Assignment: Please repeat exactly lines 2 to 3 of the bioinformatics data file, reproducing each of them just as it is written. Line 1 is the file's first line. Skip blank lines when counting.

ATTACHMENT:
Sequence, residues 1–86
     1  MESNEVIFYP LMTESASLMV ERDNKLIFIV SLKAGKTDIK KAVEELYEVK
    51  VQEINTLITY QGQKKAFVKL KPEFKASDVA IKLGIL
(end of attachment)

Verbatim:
     1  MESNEVIFYP LMTESASLMV ERDNKLIFIV SLKAGKTDIK KAVEELYEVK
    51  VQEINTLITY QGQKKAFVKL KPEFKASDVA IKLGIL